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Voltages along on a transmission line...

Discussion in 'Electronic Design' started by billcalley, Jun 5, 2007.

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  1. billcalley

    billcalley Guest

    I know this should be obvious, but I just can't visual the power
    or voltage distribution on a short, matched transmission line that is,
    lets say, just one wavelength long: For such a short line, wouldn't
    the voltage or power vary in amplitude along the matched 360 degree
    long line, considering that this signal will sinusoidally start out at
    zero volts at the beginning of the transmission line (0 degrees), then
    90 degrees later reach a peak, then 90 degrees later drop to 0V, etc?
    Yet I never here mention of any amplitude variations on a lossless
    transmission line except when I read of standing waves on a mismatched
    line -- but why don't we get measurable amplitude variations due to
    the rise and fall of the RF signal itself (which would affect RF
    circuits vs. distance at high microwave frequencies)??

    Confused,

    -Bill
     
  2. Phil Allison

    Phil Allison Guest

    ** Groper in the dark alert

    ** You are indeed.

    Try to figure out the difference between "amplitude" and instantaneous
    value.

    All continuous waves have both.


    ....... Phil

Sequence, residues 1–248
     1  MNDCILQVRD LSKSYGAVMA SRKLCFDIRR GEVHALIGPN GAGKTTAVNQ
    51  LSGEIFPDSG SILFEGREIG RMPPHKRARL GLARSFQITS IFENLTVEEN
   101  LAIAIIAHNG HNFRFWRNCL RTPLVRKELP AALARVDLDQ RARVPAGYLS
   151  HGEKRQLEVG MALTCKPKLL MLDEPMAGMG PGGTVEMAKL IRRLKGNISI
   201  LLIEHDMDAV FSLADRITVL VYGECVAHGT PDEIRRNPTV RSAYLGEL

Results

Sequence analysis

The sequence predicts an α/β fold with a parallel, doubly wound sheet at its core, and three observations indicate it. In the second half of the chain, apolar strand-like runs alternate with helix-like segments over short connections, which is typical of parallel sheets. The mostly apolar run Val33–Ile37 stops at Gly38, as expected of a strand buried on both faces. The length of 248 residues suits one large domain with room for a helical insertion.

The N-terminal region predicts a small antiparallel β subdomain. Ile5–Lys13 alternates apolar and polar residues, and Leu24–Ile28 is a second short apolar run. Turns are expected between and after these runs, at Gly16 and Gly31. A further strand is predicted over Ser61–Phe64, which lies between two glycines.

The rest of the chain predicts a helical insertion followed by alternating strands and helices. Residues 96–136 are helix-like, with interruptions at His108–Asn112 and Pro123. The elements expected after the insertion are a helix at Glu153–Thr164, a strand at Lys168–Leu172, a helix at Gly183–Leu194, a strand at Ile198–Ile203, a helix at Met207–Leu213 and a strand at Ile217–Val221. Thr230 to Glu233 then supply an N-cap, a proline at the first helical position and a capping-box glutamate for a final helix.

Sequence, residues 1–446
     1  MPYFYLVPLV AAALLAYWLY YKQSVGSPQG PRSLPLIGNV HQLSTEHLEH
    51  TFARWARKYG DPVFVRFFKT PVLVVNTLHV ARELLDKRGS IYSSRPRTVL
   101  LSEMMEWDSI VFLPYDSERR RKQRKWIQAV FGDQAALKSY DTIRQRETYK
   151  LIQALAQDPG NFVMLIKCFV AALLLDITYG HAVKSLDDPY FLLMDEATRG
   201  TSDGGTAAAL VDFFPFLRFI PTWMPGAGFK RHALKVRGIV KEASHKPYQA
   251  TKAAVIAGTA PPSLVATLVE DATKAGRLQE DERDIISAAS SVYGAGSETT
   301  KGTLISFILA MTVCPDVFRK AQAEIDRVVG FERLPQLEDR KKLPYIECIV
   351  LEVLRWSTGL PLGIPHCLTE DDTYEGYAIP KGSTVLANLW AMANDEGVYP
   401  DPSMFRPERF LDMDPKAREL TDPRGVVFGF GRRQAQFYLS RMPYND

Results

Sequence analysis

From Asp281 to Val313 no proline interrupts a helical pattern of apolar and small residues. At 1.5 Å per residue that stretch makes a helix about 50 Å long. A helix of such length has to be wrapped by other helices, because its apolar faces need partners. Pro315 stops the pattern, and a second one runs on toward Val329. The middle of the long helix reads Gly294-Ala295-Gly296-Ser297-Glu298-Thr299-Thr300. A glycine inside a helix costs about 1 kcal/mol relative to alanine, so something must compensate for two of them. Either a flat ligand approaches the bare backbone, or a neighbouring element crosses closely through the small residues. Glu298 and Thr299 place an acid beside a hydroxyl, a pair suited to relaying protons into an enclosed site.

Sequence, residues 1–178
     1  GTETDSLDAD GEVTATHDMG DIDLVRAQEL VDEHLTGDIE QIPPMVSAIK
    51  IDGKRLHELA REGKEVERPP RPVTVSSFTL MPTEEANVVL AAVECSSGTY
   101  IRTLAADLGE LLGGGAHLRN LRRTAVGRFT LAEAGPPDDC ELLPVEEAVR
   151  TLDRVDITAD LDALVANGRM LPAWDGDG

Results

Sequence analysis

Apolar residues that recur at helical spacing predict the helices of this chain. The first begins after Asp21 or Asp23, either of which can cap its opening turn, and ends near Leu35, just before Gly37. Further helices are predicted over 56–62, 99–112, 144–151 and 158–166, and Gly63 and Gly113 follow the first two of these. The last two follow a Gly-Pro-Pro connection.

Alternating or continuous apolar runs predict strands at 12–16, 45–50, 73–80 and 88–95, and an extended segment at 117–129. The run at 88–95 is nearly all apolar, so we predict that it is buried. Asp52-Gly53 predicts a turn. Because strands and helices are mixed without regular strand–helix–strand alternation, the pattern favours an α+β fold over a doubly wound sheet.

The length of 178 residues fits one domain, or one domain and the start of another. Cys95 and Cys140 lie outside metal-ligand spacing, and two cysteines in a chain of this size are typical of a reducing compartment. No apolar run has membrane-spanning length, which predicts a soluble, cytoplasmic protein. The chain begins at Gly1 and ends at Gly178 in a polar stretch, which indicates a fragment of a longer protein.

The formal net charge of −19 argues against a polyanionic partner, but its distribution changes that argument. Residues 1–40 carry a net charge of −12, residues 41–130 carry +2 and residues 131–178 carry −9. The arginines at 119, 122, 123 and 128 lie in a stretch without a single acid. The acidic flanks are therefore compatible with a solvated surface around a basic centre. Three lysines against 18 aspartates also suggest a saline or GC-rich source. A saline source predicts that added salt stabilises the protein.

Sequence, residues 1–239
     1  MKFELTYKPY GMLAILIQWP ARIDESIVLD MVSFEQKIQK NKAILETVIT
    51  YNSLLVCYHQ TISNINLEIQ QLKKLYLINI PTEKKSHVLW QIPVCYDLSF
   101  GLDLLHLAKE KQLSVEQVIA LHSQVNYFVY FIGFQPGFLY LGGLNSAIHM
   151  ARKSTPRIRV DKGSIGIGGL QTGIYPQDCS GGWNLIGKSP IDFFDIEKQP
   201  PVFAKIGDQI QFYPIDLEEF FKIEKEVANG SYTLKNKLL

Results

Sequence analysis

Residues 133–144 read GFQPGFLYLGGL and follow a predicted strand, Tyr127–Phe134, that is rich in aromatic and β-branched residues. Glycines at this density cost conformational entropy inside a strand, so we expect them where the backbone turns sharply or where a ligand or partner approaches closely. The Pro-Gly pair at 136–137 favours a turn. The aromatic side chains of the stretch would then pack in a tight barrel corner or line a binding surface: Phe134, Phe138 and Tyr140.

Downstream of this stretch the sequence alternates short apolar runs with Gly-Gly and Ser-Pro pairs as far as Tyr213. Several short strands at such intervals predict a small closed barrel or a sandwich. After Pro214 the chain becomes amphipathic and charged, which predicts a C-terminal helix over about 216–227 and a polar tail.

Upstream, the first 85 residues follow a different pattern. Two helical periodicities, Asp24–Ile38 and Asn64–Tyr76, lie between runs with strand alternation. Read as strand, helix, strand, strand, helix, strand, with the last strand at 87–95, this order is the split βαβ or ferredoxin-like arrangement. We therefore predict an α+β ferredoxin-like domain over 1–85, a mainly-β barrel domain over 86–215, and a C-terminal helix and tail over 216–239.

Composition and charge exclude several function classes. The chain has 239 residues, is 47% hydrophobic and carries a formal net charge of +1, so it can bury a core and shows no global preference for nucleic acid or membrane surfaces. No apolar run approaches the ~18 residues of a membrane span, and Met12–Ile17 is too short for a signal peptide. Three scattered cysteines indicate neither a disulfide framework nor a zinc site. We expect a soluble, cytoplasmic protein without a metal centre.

3. John Larkin

    John Larkin Guest

    Yes, at any one instant it might look like that. A little later, it
    will look different. The generator is extruding a sine wave that
    travels along the line, towards the load, at a goodly fraction of the
    speed of light. At any intermediate point along the line, there's the
    same sine wave voltage, just shifted in phase.
    If you measure any point along the line with an oscilloscope, you'll
    see the sine wave rise and fall. If you measure it with a voltmeter,
    it will look the same everywhere. It's a matter of the time scale over
    which you take the measurements.

    If the line is unmatched, there will be waves traveling in both
    directions, in which case the voltmeter will see different voltages in
    different places, as the waves add in some locations and subtract in
    others.

    John
     
  4. billcalley

    billcalley Guest


    Fantastic info John -- that really cleared up my confusion on this
    subject!

    Thanks again for the great help!

    -Bill
     
  5. PeteS

    PeteS Guest

    Although you seem to have cleared this up, here's a thought exercise:

    You have a driver output that has an effective rise time of 300
    picoseconds (not uncommon nowadays). It is driving a 6 inch track.

    On FR4, the transmission velocity is approximately 160 picoseconds per
    inch. So at the initiation of the transmission, the line is 0V everywhere.

    At 50% amplitude output (at the driver, and assuming 3.3V systems and a
    linear output) the voltage 1 inch away **is still zero**; i.e. the
    energy has not yet reached this point.

    Now continue this until the entire system has stabilised.

    Cheers

    PeteS
     
  6. A matched line will have uniform RF voltage along its length, since
    there are no standing waves. A (theoretical) time domain voltage probe
    would show the same signal, delayed in phase by (vf * distance from
    source)/wavelength in free space.

    Frank Raffaeli
     
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